Davis v. Colvin (CONSENT)

Filing 15

MEMORANDUM OPINION AND ORDER; further ORDERED that, in accordance with Bergen v. Comm'r of Soc. Sec., 454 F.3d 1273, 1278 fn. 2 (11th Cir. 2006), the plf shall have 60 days after she receives notice of any amount of past due benefits awarded to seek attorney's fees under 42 U.S.C. § 406(b); copies mailed to SSA Chief Judge and SSA Office of Hearings and Appeals. Signed by Honorable Judge Charles S. Coody on 5/22/2014. (wcl, )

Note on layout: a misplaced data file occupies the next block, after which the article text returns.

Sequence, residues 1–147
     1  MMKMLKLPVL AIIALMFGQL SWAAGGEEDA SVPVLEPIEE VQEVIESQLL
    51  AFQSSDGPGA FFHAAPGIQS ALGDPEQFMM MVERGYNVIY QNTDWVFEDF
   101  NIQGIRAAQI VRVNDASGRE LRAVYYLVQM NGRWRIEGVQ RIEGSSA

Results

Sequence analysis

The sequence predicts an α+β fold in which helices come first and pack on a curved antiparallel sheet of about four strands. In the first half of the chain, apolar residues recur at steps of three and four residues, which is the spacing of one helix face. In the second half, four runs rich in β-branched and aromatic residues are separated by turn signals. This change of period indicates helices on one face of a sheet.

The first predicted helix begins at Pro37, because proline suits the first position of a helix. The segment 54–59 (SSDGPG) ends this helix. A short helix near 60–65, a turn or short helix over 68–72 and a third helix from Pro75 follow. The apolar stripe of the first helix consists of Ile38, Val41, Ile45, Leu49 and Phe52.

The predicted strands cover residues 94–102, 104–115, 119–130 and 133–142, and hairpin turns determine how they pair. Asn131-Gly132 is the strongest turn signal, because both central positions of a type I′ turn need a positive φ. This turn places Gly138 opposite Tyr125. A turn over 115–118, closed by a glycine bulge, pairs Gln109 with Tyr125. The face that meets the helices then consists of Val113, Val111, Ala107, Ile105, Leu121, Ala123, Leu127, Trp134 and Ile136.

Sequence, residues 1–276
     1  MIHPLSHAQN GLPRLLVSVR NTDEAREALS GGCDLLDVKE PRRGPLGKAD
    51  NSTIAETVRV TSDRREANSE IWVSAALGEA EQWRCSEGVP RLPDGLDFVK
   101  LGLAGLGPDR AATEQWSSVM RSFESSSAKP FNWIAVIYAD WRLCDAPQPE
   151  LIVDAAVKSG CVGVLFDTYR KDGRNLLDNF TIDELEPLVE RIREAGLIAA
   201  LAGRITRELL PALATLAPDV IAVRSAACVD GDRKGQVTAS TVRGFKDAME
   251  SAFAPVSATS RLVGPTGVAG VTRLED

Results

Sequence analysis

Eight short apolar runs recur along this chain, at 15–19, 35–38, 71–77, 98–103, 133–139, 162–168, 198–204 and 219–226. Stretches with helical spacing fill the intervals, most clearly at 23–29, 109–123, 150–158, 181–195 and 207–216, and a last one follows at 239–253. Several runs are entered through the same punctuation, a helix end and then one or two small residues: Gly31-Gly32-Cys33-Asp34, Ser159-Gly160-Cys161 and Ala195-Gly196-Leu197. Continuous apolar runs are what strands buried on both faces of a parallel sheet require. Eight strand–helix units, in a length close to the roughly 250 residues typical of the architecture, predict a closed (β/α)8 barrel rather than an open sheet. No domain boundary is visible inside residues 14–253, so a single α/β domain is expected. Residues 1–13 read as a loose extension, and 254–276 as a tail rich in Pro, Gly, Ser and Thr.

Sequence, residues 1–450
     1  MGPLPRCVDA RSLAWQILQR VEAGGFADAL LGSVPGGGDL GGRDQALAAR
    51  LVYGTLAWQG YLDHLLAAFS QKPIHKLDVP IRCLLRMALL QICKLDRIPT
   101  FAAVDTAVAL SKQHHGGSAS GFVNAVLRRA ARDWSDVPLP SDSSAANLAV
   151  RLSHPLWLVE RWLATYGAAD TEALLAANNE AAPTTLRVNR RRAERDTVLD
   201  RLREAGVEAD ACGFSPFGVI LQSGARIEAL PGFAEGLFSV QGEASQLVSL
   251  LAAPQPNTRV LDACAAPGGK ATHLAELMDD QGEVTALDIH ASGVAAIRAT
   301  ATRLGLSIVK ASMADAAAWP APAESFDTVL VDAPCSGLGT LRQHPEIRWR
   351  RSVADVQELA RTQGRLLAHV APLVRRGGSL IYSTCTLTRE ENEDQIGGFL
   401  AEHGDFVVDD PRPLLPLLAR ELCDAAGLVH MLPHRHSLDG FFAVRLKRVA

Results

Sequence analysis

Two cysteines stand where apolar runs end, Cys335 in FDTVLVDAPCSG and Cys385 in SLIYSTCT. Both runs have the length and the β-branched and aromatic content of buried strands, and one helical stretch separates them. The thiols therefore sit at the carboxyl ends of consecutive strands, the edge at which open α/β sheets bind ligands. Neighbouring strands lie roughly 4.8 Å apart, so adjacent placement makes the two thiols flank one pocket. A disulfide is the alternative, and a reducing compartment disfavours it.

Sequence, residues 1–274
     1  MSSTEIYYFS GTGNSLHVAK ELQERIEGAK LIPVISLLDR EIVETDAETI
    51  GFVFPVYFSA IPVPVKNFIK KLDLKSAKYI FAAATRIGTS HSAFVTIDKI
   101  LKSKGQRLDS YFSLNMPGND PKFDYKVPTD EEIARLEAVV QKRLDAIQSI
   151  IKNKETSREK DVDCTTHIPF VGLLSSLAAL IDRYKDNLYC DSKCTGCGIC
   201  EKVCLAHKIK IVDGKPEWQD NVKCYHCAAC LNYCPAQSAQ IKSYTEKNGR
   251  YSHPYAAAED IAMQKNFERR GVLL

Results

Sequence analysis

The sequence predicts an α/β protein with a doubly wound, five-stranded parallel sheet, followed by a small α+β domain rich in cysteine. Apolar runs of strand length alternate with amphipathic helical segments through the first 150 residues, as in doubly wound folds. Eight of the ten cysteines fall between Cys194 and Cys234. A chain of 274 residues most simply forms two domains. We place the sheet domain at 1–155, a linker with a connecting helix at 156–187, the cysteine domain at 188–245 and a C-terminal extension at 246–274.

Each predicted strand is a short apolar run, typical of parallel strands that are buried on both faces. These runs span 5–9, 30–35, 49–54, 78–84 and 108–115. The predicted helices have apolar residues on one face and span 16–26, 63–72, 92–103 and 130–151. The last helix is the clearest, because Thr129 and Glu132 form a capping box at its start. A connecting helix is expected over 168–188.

Download PDF